Magnesium and your recovery

Magnesium is an essential mineral playing vital roles in many processes and functions for health as well as performance.

Muscle contraction and relaxation, energy production, nerve function, cardiac activity, blood pressure regulation, hormonal interactions, immunity, bone health; and the synthesis of proteins, fats and nucleic acids – all require magnesium.

For athletes, the requirement for magnesium may rise in parallel to increased training loads.

Magnesium activates enzymes known as ATPases, which in turn are needed to generate ATP (adenosine triphosphate). When ATP is broken down, energy is released for muscle contraction. When intensity is high, or workouts are long and arduous, ATP needs to be synthesised quickly. A deficiency in magnesium can then slow or limit energy production – not great news for a hard working athlete. As a result, fatigue, lethargy, a reduction in power, and muscle twitches or even cramps can hinder athletic progress.

Aside from being used in the production of energy, magnesium can also assist performance by reducing accumulation of lactic acid as well as the perception of fatigue during strenuous exercise through its action on the nervous system.

Given that magnesium is predominantly stored in bone – and sufficient quantities are critical for overall bone health – chronic deficiencies may have implications for bone mineral density in the long term. Athletes need to be aware of this link as these sorts of deficiencies coincide with other nutrient and energy deficiencies that might stem from simply not eating sufficient quantity or quality to match their training needs.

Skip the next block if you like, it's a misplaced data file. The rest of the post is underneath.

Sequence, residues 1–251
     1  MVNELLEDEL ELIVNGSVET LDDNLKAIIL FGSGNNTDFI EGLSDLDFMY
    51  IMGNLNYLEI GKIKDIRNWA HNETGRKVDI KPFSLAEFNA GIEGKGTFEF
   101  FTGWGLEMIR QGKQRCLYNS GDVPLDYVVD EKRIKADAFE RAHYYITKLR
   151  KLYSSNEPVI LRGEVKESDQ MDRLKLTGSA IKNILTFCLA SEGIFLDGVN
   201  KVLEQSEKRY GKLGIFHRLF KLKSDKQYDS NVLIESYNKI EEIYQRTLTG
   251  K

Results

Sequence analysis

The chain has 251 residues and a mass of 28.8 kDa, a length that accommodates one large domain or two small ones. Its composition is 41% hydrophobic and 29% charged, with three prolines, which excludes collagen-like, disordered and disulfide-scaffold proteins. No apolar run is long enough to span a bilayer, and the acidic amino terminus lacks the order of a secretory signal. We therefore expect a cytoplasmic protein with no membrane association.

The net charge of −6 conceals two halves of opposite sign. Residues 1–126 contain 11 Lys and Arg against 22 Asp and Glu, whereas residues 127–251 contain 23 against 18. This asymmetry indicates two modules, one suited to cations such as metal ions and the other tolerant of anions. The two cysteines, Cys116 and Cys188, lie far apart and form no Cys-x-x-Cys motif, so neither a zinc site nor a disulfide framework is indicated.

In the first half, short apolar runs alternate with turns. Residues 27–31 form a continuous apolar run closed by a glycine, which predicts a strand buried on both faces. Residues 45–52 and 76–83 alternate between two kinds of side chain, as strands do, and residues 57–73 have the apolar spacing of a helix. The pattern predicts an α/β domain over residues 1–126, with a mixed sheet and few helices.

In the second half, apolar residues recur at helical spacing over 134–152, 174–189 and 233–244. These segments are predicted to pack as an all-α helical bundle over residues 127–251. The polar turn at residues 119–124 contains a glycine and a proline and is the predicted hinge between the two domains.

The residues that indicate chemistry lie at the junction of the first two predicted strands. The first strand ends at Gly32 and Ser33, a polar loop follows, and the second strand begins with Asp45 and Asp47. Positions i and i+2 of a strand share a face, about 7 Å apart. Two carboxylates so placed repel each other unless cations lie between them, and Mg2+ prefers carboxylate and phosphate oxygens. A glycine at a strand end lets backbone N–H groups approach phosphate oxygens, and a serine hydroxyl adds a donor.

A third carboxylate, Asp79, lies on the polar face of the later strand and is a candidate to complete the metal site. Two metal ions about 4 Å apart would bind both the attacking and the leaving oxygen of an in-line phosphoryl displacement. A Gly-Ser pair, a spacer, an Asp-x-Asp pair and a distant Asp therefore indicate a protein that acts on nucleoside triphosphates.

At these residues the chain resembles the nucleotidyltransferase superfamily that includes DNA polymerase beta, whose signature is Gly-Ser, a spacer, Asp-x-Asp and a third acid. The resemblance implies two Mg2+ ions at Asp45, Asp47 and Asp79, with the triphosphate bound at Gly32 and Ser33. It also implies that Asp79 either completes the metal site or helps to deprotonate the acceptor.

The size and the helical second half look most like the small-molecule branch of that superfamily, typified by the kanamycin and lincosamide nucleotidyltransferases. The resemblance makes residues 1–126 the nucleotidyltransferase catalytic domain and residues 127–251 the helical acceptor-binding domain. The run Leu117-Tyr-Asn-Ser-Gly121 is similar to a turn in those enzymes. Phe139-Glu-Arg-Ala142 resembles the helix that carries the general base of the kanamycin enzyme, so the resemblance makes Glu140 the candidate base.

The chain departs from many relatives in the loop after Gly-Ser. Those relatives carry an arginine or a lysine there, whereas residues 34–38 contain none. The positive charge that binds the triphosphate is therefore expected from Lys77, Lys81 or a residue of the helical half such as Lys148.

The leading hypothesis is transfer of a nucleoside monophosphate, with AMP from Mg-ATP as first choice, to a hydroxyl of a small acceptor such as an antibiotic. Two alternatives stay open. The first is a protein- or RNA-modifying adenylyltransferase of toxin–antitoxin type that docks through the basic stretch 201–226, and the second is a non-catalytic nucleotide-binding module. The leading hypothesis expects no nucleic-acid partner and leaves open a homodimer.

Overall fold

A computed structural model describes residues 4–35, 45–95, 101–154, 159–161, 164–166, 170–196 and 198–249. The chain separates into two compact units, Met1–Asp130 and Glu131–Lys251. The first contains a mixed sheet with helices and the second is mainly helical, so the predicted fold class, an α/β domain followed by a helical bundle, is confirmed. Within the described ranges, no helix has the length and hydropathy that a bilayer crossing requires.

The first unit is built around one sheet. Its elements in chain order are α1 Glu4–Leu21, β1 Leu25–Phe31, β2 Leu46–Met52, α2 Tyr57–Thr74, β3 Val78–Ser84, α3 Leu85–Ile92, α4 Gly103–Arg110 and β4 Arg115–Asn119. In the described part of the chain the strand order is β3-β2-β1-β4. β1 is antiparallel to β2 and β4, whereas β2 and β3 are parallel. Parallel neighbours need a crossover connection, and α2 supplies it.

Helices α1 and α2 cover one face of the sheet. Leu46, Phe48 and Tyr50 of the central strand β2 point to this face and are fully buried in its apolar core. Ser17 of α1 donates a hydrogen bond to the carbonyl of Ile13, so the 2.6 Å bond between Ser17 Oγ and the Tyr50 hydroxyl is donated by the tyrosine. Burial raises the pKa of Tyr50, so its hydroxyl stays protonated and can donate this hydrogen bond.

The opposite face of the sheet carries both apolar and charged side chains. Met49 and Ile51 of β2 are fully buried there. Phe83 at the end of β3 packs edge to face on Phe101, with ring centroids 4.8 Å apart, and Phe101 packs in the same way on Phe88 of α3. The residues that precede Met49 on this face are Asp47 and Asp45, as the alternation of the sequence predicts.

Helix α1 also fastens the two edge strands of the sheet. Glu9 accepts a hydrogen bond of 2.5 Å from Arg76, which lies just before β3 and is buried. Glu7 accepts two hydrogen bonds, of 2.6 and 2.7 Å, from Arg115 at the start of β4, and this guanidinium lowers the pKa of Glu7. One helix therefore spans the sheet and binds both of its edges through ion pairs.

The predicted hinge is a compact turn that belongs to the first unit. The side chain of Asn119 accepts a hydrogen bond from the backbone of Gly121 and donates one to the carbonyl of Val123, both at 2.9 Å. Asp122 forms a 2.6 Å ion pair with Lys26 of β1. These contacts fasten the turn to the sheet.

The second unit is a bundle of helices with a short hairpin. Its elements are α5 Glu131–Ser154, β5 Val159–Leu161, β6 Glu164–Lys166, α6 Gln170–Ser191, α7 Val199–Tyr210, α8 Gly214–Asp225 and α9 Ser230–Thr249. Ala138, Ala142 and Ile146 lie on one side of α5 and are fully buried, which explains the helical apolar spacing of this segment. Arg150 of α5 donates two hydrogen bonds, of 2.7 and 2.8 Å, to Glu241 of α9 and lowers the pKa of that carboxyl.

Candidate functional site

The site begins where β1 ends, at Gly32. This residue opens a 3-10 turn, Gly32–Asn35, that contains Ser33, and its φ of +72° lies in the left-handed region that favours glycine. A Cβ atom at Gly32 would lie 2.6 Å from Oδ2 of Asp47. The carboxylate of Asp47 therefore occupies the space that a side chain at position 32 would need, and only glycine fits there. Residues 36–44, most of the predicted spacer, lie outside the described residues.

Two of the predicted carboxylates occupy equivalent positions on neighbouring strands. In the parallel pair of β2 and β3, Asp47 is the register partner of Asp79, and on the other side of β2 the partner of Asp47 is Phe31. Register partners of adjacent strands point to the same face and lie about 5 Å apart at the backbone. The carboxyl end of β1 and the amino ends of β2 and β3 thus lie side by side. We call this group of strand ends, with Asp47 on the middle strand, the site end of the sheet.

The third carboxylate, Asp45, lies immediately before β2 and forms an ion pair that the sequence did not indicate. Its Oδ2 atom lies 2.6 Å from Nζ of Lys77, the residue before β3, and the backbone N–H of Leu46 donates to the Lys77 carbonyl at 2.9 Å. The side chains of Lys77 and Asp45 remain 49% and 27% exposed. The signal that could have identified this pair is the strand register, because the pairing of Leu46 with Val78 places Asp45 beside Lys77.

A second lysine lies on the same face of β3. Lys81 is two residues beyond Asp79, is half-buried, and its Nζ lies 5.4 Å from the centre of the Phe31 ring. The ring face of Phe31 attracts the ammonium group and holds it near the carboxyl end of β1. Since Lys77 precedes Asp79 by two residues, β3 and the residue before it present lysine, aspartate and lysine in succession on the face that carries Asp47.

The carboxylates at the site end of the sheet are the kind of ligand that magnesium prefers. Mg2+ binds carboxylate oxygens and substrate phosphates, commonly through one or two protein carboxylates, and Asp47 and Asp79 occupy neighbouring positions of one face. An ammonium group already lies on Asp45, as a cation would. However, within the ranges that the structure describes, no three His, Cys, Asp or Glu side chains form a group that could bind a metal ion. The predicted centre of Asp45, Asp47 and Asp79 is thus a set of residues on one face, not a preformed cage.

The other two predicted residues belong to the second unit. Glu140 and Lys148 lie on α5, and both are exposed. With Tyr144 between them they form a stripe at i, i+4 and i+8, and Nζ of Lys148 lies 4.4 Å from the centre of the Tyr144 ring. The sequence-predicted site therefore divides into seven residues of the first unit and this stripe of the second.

For most athletes fatigue is a constant companion of most training days, weeks and months. It’s easy to explain away fatigue or muscle cramps, lowered immunity, and even altered heart rates, or depressive moods when under high training load. All of these symptoms are likely multi-faceted and need a holistic approach to manage – but they could also be due to nutrient deficiencies – including magnesium.

Magnesium is not produced by the body, so it needs to be ingested daily. The best sources of magnesium rich foods include:

  • Spinach
  • Cocoa
  • Balck beans
  • Avocado
  • Pumpkin seeds
  • Almonds
  • Whole grains


Most of us don’t necessarily eat enough of these foods, so deficiencies are actually pretty common. For an athlete with a magnesium deficiency, it is easy to see that correcting that would lead to performance benefits. While there might not be additional benefits from higher doses of magnesium, it is fair to say that hard working athletes are more likely to be losing significant amounts through sweat and increased metabolism – making it harder to meet sufficient levels through diet alone.

Amongst athletic circles, magnesium is a pretty widely used supplement, particularly when it comes to assisting with muscle relaxation, recovery and promoting good quality sleep. These effects are likely a result of magnesium’s action on the nervous system.

In addition to a sub-par diet lacking in a variety of fresh, whole foods which can lead to deficiencies – GI issues, physical stress, illness can all affect absorption. Plus some medications and supplements can also interact with magnesium and its absorption. If you do have a magnesium deficiency it’s worth discussing with your doctor, or a good sports dietitian to work out if there are any other potential factors to consider in addition to eating more magnesium rich foods or a good quality supplement.

If you supplement with magnesium, it’s worth investing in a quality one. Magnesium supplements include both inorganic and organic compounds – and some are more bioavailable than others – meaning they are better absorbed and utilised by the body. Around 350-400mg is the standard recommended amount.

– Pip Taylor

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